Reflection #3: INDUSTRIAL REV

This week’s lecture was about the Industrial Revolution and it’s relation to art and design. The Industrial Revolution began in 1760 to between 1820 and 1840. It began in England because of the abundance of coal and iron which gave them the means to mass produce goods—which needed to be marketed hence design coming into play as a marketing tool and connection between the consumers and the product being marketed based on what the consumers would like.

Ivory soup was one of the very first add, whimsical but simple ans straightforward, it was a hit. Some of the first products marketed were designed with the Victorian era in mind for Queen Victoria. The style mimicked what she stood for, proper, beauty, grace and modesty to model her values. This aesthetic used babies as a marketing tool early on, learning that a baby can sell just about anything. The Victorian era style was clean and concise, showing the product they were advertising- their color choices were simple and non-flashy, again, portraying a kind of modesty the queen held.

With the rise of photography and lithography—(an art form of transferring ink to stone using oil and other chemical compounds) advertisements came in masses. Around this time the modern CMYK printing format came about which made prints more vibrant and consistent. CMYK is still used today in modern printing techniques and has stood the test of time. It’s amazing to think CMYK came about such a long time ago. Another design style was that of Baroque, overly designed, extravagant designs like those that adorn castles from long ago. In class, we also learned that Harper Bazaar magazine and publication dates way back to the early 1800s and has expanded throughout it’s years to cater to more demographics.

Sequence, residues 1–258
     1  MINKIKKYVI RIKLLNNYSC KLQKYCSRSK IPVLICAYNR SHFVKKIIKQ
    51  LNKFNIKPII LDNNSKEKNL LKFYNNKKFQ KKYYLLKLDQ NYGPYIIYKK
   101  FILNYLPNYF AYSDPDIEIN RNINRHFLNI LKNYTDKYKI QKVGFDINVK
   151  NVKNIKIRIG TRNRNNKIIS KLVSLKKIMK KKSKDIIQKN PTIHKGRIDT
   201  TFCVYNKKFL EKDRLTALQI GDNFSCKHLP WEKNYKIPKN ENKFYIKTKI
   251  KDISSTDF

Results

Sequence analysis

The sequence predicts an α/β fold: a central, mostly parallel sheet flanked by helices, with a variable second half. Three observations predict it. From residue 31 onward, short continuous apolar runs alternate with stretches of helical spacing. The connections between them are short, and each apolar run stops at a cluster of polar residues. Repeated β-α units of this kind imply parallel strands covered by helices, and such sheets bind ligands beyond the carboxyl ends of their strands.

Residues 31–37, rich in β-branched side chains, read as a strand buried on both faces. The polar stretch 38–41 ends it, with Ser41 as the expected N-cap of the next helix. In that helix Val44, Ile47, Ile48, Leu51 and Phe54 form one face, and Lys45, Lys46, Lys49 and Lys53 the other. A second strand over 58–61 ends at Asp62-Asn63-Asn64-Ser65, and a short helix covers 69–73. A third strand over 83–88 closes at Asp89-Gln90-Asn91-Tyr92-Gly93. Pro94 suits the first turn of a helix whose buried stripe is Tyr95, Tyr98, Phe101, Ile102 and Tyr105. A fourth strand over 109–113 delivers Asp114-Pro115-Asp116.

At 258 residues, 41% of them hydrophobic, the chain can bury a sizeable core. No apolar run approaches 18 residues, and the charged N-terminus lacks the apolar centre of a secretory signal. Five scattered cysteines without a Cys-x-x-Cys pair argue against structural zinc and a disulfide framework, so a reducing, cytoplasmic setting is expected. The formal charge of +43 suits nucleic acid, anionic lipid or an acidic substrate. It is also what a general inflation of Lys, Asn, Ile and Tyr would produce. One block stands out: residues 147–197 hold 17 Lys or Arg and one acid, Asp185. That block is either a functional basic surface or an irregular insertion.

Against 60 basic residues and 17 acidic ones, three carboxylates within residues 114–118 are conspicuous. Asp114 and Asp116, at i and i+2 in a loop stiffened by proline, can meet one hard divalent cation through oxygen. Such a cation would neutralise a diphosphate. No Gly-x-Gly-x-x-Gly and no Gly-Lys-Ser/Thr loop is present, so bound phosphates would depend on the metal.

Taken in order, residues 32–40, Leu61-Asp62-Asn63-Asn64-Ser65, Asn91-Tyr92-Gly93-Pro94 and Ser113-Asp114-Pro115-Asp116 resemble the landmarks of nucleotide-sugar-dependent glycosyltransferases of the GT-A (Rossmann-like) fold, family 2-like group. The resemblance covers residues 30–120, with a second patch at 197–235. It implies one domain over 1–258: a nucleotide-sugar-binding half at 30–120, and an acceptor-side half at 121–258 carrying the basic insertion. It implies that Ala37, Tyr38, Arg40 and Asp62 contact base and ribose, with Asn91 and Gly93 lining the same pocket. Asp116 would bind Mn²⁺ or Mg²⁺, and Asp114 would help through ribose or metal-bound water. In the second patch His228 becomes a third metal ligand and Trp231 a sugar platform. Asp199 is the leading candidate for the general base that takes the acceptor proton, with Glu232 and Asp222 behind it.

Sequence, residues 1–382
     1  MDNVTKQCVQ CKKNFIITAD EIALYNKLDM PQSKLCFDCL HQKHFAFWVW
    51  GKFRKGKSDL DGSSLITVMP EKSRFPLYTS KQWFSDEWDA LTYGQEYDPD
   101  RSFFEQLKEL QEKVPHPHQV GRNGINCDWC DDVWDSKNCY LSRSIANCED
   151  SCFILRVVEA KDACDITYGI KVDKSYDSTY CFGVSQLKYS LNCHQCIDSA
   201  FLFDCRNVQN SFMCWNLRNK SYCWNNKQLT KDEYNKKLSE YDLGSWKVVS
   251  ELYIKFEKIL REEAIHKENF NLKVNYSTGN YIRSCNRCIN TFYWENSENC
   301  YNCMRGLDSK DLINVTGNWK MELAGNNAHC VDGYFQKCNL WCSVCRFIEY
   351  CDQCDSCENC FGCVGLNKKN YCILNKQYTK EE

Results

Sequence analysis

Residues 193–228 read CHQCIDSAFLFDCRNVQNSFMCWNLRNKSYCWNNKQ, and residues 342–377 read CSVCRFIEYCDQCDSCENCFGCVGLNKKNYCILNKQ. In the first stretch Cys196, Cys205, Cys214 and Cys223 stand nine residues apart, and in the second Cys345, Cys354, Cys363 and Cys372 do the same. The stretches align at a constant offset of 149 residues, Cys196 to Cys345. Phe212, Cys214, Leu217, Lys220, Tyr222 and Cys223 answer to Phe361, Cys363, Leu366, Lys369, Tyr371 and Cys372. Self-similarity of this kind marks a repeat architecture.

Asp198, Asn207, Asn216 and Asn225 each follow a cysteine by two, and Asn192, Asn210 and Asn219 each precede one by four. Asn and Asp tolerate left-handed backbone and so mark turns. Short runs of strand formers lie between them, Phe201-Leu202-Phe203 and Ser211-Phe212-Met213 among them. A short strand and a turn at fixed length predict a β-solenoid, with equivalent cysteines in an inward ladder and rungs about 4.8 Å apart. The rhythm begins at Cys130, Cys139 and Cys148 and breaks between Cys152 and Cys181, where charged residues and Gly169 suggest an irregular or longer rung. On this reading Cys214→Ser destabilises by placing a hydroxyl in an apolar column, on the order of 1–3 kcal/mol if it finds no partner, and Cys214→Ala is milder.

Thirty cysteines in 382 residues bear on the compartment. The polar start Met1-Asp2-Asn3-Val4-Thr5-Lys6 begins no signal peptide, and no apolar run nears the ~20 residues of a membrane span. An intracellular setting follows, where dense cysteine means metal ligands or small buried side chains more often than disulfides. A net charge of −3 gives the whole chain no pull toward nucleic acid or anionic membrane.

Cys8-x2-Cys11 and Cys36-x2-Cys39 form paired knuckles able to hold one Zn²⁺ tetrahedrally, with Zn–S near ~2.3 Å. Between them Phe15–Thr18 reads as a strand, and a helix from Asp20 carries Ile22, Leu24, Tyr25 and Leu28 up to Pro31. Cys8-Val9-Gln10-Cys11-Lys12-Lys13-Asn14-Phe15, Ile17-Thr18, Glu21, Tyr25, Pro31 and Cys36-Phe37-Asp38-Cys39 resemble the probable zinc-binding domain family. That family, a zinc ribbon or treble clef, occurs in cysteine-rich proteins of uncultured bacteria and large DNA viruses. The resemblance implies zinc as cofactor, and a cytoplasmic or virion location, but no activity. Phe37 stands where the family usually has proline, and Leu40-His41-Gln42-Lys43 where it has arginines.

That was amazing. Fat faces, a type style that was very elegant like the modern serif faces popular today, it was created by Robert Thorne and rose in popularity for good reason. A slab serif like face also came about that were called Egyptian faces and Tuscan style which used ornaments and curves. Both of the serif types were very popular for good reason.